Academic journal article Mosaic (Winnipeg)

Past Performance, Present Dilemma: A Poetics of Archiving Sound

Academic journal article Mosaic (Winnipeg)

Past Performance, Present Dilemma: A Poetics of Archiving Sound

Article excerpt

Designated as a site of accumulation, preservation, and order, the archive was traditionally characterized as stagnant and dead. Since the "archival turn" in the early 1990s, theorists and researchers across the disciplines have interrogated perceptions of the archive as a mute space of closure for what has been and what was. Following Foucault's investigations of the archive in The Order of Things and The Archaeology of Knowledge, much of this theorizing has sought to locate the archive as a site of enunciation. As Foucault insists, "The archive is first the law of what can be said." Understood as a system that governs enunciability rather than a space that "collects the dust of statements that have become inert once more" (Archaeology 129), it has become possible and even obligatory for researchers to investigate the archive by questioning what it says rather than what it holds, making speech and enunciability dominant metaphors through which to theorize the archive.

The introductions to two recent collections of essays on the archive exemplify the shift from looking to the archive for written traces of the past to listening to the archive in the present. In Archive Stories: Facts, Fictions, and the Writing of History, Antoinette Burton explains, "the burden of this collection is not to show that archives tell stories but rather to illustrate that archives are always already stories: they produce speech and its effects, of which history is but one" (20). Notably, Burton, a historian by training, approaches the archive as both a historian and an ethnographer. Her collection promises and delivers what she describes as "self-conscious ethnographies" of the archive (6). The adoption of ethnography as a methodology for investigating the archive is consistent with the move to understand the archive as something living rather than dead, and indeed, something inhabited by speaking subjects who may talk back, deny access, or simply demand that researchers listen. In Archives, Documentation, and Institutions of Social Memory: Essays from the Sawyer Seminar, Francis X. Blouin Jr. and William G. Rosenberg also emphasize the archive's active and living status, variously describing it as a scene of "social imagination" and a "site of constant creativity, a place where identities are formed" and people "imagine themselves becoming" (viii-ix). Notably, silence has also become a dominant metaphor through which to investigate the archive. As Blouin and Rosenberg observe, "Silences in the archive can affect understandings as much or more than the words and pictures that create and re-create our images of the past and hence our sense of who we have become and why" (viii). The decision to adopt an auditory rather than visual metaphor may not be unique, but it is significant. ("Hidden documents in the archive" has a very different implication than "silences in the archive.") Their emphasis on silence, like Burton's emphasis on speech, is part of a shared attempt to re-imagine the archive in relation to absence and presence, writing and speech, and, as I will discuss shortly, the archive and the repertoire.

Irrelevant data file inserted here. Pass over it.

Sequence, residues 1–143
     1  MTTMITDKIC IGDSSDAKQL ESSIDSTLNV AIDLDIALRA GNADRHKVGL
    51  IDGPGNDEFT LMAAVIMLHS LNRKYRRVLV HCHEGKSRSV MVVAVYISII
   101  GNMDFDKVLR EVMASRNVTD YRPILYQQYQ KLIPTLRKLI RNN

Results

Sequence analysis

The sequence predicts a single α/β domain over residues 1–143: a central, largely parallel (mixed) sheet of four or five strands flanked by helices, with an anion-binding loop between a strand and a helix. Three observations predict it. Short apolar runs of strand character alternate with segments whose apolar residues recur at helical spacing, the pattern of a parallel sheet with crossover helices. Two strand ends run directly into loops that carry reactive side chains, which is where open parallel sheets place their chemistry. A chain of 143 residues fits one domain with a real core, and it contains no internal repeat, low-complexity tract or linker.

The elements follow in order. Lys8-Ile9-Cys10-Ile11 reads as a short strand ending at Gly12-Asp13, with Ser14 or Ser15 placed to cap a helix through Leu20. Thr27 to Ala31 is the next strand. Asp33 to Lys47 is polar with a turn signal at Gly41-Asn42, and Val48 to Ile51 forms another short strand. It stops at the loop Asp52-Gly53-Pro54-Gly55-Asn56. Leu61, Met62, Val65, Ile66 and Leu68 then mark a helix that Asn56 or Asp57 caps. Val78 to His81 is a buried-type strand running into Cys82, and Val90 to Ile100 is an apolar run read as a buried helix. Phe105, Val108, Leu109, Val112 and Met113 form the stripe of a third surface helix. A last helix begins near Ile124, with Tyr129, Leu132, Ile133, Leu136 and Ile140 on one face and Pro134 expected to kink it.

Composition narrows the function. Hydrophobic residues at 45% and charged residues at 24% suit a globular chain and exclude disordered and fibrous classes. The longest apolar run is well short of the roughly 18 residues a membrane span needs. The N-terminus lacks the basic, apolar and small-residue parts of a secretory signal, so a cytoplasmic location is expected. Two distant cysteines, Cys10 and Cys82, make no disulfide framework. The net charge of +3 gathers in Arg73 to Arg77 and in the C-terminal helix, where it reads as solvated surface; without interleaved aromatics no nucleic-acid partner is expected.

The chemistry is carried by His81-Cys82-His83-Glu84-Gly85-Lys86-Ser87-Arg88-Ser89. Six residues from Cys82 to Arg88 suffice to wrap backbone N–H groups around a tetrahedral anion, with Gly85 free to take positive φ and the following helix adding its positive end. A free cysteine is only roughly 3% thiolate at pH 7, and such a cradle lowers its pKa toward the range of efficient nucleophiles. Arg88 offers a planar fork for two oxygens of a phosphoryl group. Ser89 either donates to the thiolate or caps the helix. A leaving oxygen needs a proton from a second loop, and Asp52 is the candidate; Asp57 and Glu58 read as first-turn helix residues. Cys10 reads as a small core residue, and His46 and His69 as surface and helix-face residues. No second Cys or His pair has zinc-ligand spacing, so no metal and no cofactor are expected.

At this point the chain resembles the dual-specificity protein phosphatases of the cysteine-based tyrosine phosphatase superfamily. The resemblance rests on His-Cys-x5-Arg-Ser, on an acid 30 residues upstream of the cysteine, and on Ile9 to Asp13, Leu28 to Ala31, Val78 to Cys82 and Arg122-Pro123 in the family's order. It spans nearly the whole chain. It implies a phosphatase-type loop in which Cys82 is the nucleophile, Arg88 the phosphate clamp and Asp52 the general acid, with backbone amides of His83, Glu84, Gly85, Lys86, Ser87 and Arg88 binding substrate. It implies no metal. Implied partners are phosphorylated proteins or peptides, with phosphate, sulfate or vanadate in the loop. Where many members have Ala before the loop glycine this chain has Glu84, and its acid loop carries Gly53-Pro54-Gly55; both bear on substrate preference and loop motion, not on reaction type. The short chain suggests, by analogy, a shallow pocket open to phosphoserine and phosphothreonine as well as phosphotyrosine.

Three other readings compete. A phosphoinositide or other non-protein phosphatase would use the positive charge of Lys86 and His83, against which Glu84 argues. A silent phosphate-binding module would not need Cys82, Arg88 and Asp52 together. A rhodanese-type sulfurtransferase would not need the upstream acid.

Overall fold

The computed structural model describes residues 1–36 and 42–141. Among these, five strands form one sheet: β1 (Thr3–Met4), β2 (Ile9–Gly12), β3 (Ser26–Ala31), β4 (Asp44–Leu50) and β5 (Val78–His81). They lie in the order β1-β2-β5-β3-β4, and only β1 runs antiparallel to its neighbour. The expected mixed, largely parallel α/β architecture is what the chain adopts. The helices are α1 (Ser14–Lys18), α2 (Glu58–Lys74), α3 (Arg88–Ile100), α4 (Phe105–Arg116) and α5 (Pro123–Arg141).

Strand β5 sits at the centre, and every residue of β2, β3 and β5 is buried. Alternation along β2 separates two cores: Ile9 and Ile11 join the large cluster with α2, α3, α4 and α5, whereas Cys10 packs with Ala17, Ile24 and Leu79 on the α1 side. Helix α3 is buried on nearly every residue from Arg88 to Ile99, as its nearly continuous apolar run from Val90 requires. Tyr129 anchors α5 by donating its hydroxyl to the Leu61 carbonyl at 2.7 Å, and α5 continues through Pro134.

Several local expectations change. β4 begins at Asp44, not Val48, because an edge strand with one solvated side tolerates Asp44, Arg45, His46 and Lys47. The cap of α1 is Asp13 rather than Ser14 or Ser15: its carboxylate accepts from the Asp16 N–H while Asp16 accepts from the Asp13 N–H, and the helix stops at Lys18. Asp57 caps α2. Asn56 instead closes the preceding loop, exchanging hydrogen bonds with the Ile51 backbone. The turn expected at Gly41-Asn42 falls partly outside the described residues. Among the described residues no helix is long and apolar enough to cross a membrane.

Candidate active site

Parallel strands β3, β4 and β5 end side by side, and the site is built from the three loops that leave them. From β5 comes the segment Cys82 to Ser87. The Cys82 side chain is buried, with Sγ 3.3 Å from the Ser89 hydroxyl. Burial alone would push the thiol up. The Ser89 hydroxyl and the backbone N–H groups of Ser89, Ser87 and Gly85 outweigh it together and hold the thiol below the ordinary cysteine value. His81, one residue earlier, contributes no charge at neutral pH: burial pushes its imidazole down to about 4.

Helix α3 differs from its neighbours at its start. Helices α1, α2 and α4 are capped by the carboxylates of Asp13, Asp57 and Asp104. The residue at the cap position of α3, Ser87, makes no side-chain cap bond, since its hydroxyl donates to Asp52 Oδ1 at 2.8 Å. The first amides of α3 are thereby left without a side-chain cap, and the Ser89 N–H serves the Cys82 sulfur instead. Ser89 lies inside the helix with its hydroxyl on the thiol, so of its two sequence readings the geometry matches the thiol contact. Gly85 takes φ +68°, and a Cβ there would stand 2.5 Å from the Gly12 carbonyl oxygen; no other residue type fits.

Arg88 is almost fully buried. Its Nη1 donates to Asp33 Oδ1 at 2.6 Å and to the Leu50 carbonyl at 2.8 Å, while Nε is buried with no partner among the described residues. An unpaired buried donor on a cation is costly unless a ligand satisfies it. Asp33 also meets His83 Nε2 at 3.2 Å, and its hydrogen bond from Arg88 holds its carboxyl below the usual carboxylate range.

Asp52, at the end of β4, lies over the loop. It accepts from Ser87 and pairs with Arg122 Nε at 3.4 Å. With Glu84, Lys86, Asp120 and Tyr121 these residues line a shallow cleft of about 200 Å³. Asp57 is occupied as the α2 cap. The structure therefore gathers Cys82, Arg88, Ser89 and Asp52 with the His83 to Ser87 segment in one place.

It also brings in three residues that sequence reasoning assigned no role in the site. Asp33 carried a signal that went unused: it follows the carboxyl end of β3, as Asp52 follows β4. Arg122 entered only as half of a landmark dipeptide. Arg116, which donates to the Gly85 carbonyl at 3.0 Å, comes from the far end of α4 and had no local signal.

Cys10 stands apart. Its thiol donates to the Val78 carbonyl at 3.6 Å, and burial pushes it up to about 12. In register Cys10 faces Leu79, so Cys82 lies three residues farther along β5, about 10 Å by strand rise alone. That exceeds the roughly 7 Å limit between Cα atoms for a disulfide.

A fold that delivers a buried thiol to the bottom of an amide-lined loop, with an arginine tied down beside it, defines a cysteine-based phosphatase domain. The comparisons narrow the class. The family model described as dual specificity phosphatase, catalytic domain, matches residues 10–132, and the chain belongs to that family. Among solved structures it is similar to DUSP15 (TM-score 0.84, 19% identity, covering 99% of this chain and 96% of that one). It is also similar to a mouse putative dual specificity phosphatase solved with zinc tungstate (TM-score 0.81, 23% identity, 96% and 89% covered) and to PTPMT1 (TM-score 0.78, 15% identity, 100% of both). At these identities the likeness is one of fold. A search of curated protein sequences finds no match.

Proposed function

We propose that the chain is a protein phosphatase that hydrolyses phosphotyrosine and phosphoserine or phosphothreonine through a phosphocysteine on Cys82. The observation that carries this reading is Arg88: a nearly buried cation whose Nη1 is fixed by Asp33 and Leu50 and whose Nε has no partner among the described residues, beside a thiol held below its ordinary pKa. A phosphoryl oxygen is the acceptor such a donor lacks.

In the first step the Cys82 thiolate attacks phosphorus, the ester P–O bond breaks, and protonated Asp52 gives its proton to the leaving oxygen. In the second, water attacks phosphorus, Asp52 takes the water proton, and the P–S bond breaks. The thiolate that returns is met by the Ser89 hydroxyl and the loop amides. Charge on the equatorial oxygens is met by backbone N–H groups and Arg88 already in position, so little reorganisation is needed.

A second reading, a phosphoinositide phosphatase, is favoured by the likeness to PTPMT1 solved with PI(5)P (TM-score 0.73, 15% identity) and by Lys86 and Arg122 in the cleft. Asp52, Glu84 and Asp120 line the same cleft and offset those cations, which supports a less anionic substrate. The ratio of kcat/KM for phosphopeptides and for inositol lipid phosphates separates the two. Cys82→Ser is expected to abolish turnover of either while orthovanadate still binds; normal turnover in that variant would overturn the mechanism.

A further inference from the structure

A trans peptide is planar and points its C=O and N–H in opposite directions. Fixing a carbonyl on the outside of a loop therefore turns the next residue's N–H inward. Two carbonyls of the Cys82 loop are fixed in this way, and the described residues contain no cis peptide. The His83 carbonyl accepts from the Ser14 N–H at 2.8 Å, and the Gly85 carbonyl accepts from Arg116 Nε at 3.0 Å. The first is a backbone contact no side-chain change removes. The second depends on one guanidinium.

While much has been written about the archive as a site of enunciability and a site of articulate silences, most of this theorizing remains highly metaphoric. To write about the archive in relation to sound has become one way to highlight the archive's status as an active site of knowledge and cultural production. Considerably less critical attention has been paid to the archive that literally speaks, as is true in the case of a sound archive. This paper explores the challenges and possibilities of archiving sound. How does one archive sound? Can we even imagine archiving the evanescent? What happens when the archive is literally transformed into a scene of performance and noise--is such a space still an archive, or do attempts to archive sound push up against the archive's limits? What restricts our ability to explore the full possibilities of a sound archive--is it our technological limits or a stubborn attachment to what the archive is and ought to be? …

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